17 March 2017
Looking back, six months has passed by in a flash. All the interns have formed a clear understanding of the horseracing industry on their own and have become calmer and more skilful when dealing with different situations.
Maybe for most people, what they can see from the television is only a race that lasts for just a minute or so, but for us interns we are able to see the effort behind the scenes. We are very aware that it takes an extensive level of collaboration to make it happen.
Therefore, a race is used as a thread to trace some of the things we have experienced so far.
First of all, horseracing is about horses. Where do the horses come from? Breeding is the way.
In the thoroughbred industry, the stallion is a core concept. Only those horses with outstanding race records can become stallions. Their stud fees vary greatly and the most expensive ones can even go up to £250,000.
As we approach the breeding season, a new round of babies will be born and they will become the future of horseracing. Our DITI interns have been lucky enough to witness the heart-melting moment when a new foal arrives.
The thoroughbred industry is a quite a regulated industry. All the horses born in the UK are required to be registered with Weatherbys. Every thoroughbred has its own passport, with all the required data written including vaccination records. Like human beings, if horses are going to other countries to race, they need to bring along their passports. During our visit to Weatherbys, we were amazed by the overwhelming yet powerful compilation and integration of statistics done by Weatherbys.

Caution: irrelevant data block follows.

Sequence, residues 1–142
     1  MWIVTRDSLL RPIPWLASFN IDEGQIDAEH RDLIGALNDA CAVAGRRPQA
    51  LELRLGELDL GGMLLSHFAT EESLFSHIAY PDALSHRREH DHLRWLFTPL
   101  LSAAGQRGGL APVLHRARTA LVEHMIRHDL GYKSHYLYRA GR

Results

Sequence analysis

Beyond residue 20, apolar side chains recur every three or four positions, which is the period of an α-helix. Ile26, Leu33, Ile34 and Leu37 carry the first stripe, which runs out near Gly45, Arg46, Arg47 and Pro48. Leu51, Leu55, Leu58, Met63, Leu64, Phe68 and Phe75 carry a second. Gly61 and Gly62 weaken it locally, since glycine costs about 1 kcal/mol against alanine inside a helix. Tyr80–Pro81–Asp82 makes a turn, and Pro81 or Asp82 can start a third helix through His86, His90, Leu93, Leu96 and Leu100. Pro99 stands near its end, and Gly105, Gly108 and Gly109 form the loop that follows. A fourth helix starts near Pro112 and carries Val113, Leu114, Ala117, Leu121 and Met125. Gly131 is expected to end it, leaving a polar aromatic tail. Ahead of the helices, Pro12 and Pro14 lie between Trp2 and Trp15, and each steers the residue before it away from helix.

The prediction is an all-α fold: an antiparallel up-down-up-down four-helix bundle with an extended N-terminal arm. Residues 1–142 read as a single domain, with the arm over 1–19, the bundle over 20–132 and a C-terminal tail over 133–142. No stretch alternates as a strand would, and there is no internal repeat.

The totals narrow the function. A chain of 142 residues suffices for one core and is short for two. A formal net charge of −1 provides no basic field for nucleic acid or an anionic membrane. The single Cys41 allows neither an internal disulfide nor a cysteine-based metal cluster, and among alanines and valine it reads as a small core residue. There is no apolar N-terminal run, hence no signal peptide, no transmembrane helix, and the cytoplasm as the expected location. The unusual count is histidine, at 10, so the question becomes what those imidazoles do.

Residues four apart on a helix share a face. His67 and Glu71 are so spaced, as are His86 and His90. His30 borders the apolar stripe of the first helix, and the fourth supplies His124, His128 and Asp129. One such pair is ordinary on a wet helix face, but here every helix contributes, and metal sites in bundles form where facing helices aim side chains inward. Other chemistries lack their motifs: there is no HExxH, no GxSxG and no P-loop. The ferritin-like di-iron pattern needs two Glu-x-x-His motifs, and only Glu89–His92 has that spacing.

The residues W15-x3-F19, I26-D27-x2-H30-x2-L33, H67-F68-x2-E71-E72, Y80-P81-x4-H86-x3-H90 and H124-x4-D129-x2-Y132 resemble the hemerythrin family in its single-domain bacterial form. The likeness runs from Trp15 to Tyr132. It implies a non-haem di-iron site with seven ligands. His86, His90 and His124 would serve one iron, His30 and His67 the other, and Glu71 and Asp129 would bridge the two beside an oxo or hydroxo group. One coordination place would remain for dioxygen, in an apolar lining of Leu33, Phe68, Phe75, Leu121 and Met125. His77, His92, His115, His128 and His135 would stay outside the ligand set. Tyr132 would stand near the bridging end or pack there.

As thoroughbreds grow up, they need to be broken in and trained. Team UK were privileged to have the chance to visit many famous trainers’ yards and observe the daily routines of the horses there. There are many ways to train a horse. The supporting training facilities in every yard are so well-organised that it could be compared to being in a stadium designed for national teams.
The racing system here in the UK is quite mature. All fixtures for the coming year are sent to every racecourse in late November or December from the Jockey Club and the racecourses must then organise the races.
Racecourses can add different elements such as summer concerts, best-dressed lady awards, or family days to make the races more interesting. With the desire to stand out, there is inevitable competition between racecourses. The competition, however, is a not a bad thing as it positively encourages the racecourses to create better experience for race-goers in the UK.
All these things mentioned above are just a part of what we have learned. Apart from horseracing, we have also benefited greatly from a wide range of business visits and assignments. Talks with industry leaders, mentorship from the management and communication with peers not only equip us with industry knowledge; they have also honed our business skills and shaped our personalities.
Even today, every now and then we will get questions such as “it is really worthwhile to spend ten months doing this programme instead of pursuing professional careers”.
Our answers is, as shown by the above, obvious.